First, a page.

September 23, 2005

Work continues toward opening of a
Cristo Rey High School

By Brandon A. Evans

A feasibility study has been completed for a new center-city high school in Indianapolis, and the plan is moving into the design and preparation phase.

The Cristo Rey Network is an association of, as of this past school year, 11 Catholic high schools across the United States that provide a college preparatory education for low-income students through a work-study program.

Such a school in Indianapolis will be 60 percent funded by the students who would team with local businesses to take part in internships in a clerical setting—the work of the students will pay 75 percent of their tuition.

It may be housed in a suitable building already owned by the archdiocese, or at another location. It will intentionally remain small, having no more than 400 students at its peak.

The Sisters of Providence have agreed to sponsor the school, which they wish to name Providence Cristo Rey High School.

“It will be a private Catholic school in the archdiocese,” said Msgr. Joseph F. Schaedel, vicar general. It will be owned and operated by a board of directors under the sponsorship of the sisters, who would also have to secure long-term funding.

The archdiocese may provide the site for the school, said Annette “Mickey” Lentz, executive director of Catholic education and faith formation, “and the Sisters of Providence have made a commitment to open and sustain the school and assure that it follows Canon Law as far as the Catholic identity and mission goes.”

Some of the funding will come from grants.

The archdiocese received a $75,000 grant from the Cassin Educational Initiative Foundation to conduct its feasibility study, and recently received an additional $150,000 as an official part of the Cristo Rey Network.

Lentz said that part of the requirement to be in the network was to find a sponsoring religious order, so she and Msgr. Schaedel invited 12 communities to come learn about the project, and in the end, the Sisters of Providence showed interest in making the school part of their mission.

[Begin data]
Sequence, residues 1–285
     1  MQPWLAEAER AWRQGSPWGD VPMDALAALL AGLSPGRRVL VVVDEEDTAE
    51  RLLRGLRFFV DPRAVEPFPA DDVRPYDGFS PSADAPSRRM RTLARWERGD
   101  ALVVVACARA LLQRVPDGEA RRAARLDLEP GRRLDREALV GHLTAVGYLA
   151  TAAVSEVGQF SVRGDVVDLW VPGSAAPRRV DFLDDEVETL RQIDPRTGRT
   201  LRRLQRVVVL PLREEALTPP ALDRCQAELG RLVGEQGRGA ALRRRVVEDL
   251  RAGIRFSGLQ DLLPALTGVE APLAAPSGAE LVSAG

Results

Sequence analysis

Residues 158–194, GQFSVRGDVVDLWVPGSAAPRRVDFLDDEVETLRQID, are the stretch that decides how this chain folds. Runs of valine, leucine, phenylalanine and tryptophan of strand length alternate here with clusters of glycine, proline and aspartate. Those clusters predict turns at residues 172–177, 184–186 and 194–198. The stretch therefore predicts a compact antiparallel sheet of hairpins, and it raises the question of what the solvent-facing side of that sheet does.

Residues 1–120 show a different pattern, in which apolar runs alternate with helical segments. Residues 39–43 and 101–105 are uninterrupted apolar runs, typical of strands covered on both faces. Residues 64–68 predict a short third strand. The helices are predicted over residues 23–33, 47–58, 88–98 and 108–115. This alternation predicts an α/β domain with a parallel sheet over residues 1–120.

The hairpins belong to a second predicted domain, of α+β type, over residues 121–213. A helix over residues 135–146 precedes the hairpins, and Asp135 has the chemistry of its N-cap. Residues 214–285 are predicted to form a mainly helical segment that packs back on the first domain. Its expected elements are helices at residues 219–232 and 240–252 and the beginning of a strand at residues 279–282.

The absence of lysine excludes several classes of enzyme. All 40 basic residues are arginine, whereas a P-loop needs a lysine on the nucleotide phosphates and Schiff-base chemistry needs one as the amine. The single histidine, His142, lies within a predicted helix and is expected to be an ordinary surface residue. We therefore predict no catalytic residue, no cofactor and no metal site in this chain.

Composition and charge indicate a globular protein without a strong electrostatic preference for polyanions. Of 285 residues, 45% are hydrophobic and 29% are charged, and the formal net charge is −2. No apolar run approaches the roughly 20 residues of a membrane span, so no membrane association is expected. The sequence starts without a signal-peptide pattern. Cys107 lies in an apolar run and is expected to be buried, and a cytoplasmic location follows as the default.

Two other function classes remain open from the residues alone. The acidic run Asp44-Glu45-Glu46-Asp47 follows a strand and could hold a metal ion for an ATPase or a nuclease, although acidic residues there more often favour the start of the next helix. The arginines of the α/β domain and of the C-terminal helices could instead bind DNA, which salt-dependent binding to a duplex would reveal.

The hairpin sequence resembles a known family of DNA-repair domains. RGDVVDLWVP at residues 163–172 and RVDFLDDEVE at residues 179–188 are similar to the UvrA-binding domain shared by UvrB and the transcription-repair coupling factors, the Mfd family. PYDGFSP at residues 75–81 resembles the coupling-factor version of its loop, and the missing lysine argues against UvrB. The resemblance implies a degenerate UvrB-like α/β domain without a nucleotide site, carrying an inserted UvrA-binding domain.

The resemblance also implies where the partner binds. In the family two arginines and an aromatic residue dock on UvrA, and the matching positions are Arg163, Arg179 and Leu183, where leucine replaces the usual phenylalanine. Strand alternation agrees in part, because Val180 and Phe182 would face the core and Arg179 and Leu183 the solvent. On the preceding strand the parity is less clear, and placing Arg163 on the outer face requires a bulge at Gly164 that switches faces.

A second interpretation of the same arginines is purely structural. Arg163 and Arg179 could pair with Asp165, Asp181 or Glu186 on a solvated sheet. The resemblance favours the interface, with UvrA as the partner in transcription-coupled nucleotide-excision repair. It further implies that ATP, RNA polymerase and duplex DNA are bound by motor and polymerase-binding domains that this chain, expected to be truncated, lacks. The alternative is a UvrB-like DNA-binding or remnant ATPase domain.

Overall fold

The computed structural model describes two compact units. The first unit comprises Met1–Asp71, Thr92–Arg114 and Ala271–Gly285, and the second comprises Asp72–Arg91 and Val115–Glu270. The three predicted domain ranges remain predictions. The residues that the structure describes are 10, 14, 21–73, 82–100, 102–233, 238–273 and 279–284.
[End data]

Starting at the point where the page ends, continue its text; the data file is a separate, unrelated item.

Providence Sister Ann Margaret O’Hara, general superior of the Sisters of Providence, believes that being involved in opening a Cristo Rey Network high school is tied to the mission of the Sisters.

“Our motto is ‘breaking boundaries, creating hope,’ ” Sister Ann Margaret said. “It was clear that this fit well with the mission of the Sisters of Providence. We do believe it’s all about breaking boundaries and creating hope for these students—and hope for the future of Indianapolis.”

Providence Sister Jeanne Hagelskamp was named project coordinator and is excited about the opportunities the school will provide for economically disadvantaged students.

Of the students who attend one of the archdiocesan center-city elementary schools, 53 percent fall below the federal poverty line, Sister Jeanne said. However, only 7 percent of students in the interparochial high schools live in poverty.

“We are convinced that that gap isn’t because students don’t want a Catholic education,” she said. “Many just can’t afford it.”

She thinks that the proposed Cristo Rey Network high school would help meet that need.

One of the things that Sister Jeanne said is required to open such a high school is the agreement of a certain number of businesses that they would take part in the work-study program. The feasibility study showed more than 40 corporations that were very interested.

“We’re delighted in the overwhelming interest because, according to the Cristo Rey Network, only 25 are needed for starting up,” Sister Jeanne said.

Having so many interested companies makes her want to open the school as soon as possible.

“We’ve got some companies and corporations on board, and we don’t want to leave them hanging—we’re afraid we’re going to lose the momentum if we wait another year,” she said. “Thus, our aim is to open our doors in fall 2006.”

“They’re ready to go,” Lentz said regarding the excitement of the Sisters of Providence for this project.

“I think it’s an exciting venture for us in Indianapolis,” Sister Jeanne said, “and it’s one that’s proven to work in the other cities in which it’s already been launched—it’s going to fulfill an unmet need that could create a brighter future for many deserving students if we are all willing to work hard to make it happen.”

Sister Jeanne recently presented the final proposal for the school to the Council of Priests and to the College of Consultors, both of which unanimously approved of the plans, and recommended that Archbishop Daniel M. Buechlein allow the project to move forward.

“The archbishop and the archdiocese have shown in the past 15 years pretty much a profound commitment to inner-city education, particularly at the elementary level,” Msgr. Schaedel said. “We still are not able to serve the needs of all the inner-city children the way we’d like to, mainly for lack of funds.

“We’re enthusiastic about the unique approach of a Cristo Rey school.” †  


Local site Links: